Parasitic Wasps Are Comprised Of More Species Than Any Other Insect Family

Parasitic Wasps Are Comprised Of More Species Than Any Other Insect Family

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Which type of insect is the most species-rich in the entire insect kingdom? Some of the earliest insects to appear on earth continue to exist today. These super-ancient insect species are typically the most species-rich. These insects include termites and cockroaches. Praying mantises are also well known for being a species-rich insect. However, none of these insects can compare to beetles since beetles have long been recognized as the most species-rich group of insects. Now researchers are suspecting that their longheld assumptions concerning beetles may not be true. So far, scientists have documented three hundred and fifty thousand beetle species. This massive number dwarfs all other insect families. Although this is a large number, parasitic wasps are now being considered the most species-rich insect, and not beetles.

The belief that beetles comprised the greatest amount of species may have originated as a bias against other insects. For example, beetles are often picturesque and relatively large insects that make for great collectors items. Also the bodies of dead beetle specimens do not degrade as rapidly as other insect species. Once a beetle’s body dries out, it remains intact, as opposed to falling apart like most insect specimens eventually do. Even famed biologist Charles Darwin himself had a vast beetle collection that he happily showed off to guests. To put it simply, people have always been excited to learn that another beetle species had been discovered. But when it comes to tiny parasitic wasps, this excitement had always been hard to find.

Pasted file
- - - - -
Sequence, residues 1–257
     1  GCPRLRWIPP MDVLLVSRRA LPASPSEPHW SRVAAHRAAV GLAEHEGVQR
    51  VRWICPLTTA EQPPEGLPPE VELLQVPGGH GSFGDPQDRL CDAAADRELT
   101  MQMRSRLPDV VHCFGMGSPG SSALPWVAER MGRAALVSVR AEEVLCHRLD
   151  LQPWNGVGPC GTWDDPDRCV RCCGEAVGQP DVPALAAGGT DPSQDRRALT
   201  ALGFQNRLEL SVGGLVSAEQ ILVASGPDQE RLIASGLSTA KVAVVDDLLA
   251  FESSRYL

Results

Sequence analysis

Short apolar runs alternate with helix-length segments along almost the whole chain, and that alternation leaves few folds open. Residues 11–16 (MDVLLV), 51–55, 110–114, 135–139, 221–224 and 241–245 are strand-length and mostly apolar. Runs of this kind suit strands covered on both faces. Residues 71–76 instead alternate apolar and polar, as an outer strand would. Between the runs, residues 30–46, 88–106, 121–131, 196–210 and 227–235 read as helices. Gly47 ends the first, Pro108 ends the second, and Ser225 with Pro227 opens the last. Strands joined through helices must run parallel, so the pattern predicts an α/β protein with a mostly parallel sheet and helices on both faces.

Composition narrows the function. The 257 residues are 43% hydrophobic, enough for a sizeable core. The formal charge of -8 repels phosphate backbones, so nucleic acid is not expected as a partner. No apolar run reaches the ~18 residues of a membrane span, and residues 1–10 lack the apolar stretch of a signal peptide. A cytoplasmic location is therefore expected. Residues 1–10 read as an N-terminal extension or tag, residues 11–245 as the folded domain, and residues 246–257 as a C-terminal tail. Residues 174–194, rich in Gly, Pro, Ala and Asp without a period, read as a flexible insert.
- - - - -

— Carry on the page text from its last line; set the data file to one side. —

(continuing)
Parasitoid wasps have not been studied as extensively as beetles since their tiny sizes make observation and capture difficult. One study found that the smallest parasitoid wasps on earth are no larger than two tenths of a millimeter in length. The very few studies on parasitoid wasps that exist reveal that they are more abundant in nature than previously thought. For example, in one desert habitat parasitoid wasps were up to three times more abundant than all beetle species. One mathematical model predicted that the total number of parasitoid wasp species far outnumbers beetle species. Although more research is needed on this topic, it is beginning to look like parasitoid wasps are the new kings of the insect kingdom.

Do you think that the lack of certainty about what defines a truly unique species makes the comparison between beetles and parasitoid wasps distorted?




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